I have a question that needs answering: What are we doing, big or small, to create effective change? To dismantle our fear(s)? There’s too many soul-sucking things happening these days. It’s not enough to say it’s 2017: therefore, these things (also known as the persecution of POC) shouldn’t be happening. As if we’re looking at relics from the stone age. But, history is never static; it moves between past and future, influencing passing moments.
Thinking on what happened recently in Charlottesville—something that’s happened in too many similar patterns of hate, too many times before, and in too many disturbing settings—is what led me to my question. It also made me feel paralyzed, for a time, by what felt overwhelming and draining as more and more details and more videos came out—which, to my eye, all revealed an apathy for black lives that the Nazi/supremacist/terrorists demonstrated in Charlottesville to deadly purpose.
Reflecting on this violence, I felt stuck for a moment. As if time was playing a twisted game, gambling on western history’s long-reigning fable that POC’s voices could never—never!—win a place within its pages; or its streets and public spaces where statues stand to commemorate the innumerable ways that POC’s voices have been silenced. In Charlottesville, the statue of Confederate general, Robert E. Lee—sitting proudly and upright on his horse, this general who pushed to continue slavery and all the benefits it afforded him—attests to this.
His statue carries on a tradition of silencing. One where the wounds of Blacks are looked down upon and seen as illegitimate in the face of an old romanticized South: a vision seen in the face of Robert E. Lee on his noble steed. This carrying on, this version of history, is what the activists in Charlottesville were calling to end. (A move the Nazis and white supremacists, in keeping with their old tradition and standard that Black Lives Don’t Matter, saw as this: “dishonorable! dishonorable!”) Yes, throughout the history of the Americas, people have suffered from those who’ve turned a blind eye to the ways the insidious past still rears its head.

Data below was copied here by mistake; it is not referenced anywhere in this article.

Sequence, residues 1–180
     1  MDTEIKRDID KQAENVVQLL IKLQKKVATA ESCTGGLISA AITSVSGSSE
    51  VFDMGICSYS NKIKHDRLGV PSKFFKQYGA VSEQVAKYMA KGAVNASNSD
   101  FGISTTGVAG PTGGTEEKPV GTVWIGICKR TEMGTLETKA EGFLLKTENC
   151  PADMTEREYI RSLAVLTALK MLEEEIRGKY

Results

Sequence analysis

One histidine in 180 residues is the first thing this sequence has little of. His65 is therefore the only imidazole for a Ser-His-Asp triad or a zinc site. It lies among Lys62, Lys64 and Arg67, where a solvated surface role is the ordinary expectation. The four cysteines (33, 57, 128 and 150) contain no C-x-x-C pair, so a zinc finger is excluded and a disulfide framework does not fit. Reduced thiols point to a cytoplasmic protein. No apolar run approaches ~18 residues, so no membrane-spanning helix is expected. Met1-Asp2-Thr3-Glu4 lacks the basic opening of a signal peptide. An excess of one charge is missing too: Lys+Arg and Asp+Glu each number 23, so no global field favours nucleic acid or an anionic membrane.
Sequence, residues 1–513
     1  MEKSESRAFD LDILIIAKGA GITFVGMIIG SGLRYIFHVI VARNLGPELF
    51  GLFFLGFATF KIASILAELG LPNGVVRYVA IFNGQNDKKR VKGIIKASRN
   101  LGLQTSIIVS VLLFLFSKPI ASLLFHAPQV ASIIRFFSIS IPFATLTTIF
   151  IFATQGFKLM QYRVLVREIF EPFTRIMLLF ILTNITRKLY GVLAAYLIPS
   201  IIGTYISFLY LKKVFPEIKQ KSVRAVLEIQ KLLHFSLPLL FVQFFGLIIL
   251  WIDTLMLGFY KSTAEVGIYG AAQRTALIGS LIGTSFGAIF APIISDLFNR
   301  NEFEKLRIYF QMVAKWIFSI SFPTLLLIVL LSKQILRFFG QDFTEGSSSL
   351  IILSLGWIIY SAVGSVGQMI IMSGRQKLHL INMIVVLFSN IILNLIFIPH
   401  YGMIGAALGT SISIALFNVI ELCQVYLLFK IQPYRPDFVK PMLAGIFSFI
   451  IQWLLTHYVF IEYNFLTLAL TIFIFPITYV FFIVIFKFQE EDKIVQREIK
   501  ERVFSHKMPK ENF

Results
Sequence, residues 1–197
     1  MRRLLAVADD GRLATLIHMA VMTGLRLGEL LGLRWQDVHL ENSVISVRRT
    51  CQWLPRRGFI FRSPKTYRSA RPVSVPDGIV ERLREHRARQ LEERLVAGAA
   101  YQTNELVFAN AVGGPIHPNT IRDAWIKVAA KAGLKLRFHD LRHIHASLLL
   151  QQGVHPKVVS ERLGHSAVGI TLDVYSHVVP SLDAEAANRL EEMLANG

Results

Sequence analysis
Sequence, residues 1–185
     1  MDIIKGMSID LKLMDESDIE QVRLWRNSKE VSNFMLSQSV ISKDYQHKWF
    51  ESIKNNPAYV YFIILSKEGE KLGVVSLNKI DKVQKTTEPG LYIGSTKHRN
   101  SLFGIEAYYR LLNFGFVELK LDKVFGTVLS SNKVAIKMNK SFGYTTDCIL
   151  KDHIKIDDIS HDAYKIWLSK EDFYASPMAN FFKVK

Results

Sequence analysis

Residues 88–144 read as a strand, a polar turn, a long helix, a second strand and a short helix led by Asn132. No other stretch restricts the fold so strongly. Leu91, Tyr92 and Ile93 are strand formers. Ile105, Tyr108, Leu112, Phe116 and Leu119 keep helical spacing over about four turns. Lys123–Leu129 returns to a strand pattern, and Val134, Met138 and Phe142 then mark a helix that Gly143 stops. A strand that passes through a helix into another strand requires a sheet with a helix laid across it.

To those who look at the events in Charlottesville and say, “this is not what we believe in,” how can that be? How can that be when too many people in the history of the Americas, from the very northernmost of Canada to the tail-end of Chile, have barely been recognized as human because of the varying degrees of melanin in their skin? Have had their humanity disregarded from the very moment the ships landed and “discovered” the “New World”—and, from those moments on, created its foundations on the genocides of the Indigenous and the lives of the enslaved? These are the foundations, the legacies of terrorism, that the “New World” was built upon—and is still fighting against, still struggling and dealing with, today.
So, it brings me back to this: What are we doing, big or small, to create effective change? To dismantle our fear(s)?
Because, in some way or another, tomorrow has to be better. There can be no more carrying on of “New World” traditions of erasure. Not when it comes to my survival, or those who look like me with melanin running deep in their skin, and all the history that brings with it; not when it comes to our collective memories that keep us moving forward, to live and, above all, above everything, not only to survive, but to thrive and to do so ardently, generously, vitally.
The path showing tomorrow only as some continuation, as some dragged out violence of colonialism and all its oppressive ideals, is unacceptable to my understanding of the world, of its possibilities, and the convictions I stand on as my own personal foundation. Even if what I witness today makes me feel weary at times with fear. I remind myself that people have choices and actions, and that the world wasn’t made to carry all this destruction.
It shows in the work being done to create change, to overturn the oppression embedded deep between the Americas, as those who protest against racism and its symbols of hate have been doing in Charlottesville. Their work is encouraging—and, even more than this, necessary.
Below are two links to those who were injured by the act of terrorism in Charlottesville, and who are in need of financial support in their physical recovery:
And, in memory of the life lost in Charlottesville, and of those seriously injured defending anti-racism, here’s an article with suggestions of groups to support:
Please feel free to add links that you know of in the comments below. I’m looking forward to reading what you have to share. (And, this should go beyond saying but I’ll say it anyway: no statements of hate or phobias towards other people’s humanity—ie. transphobia, anti-Blackness, anti-immigration, etc.—will be welcome in any way in the comments. Check your privilege. Be mindful, be respectful.)
Take care of yourselves.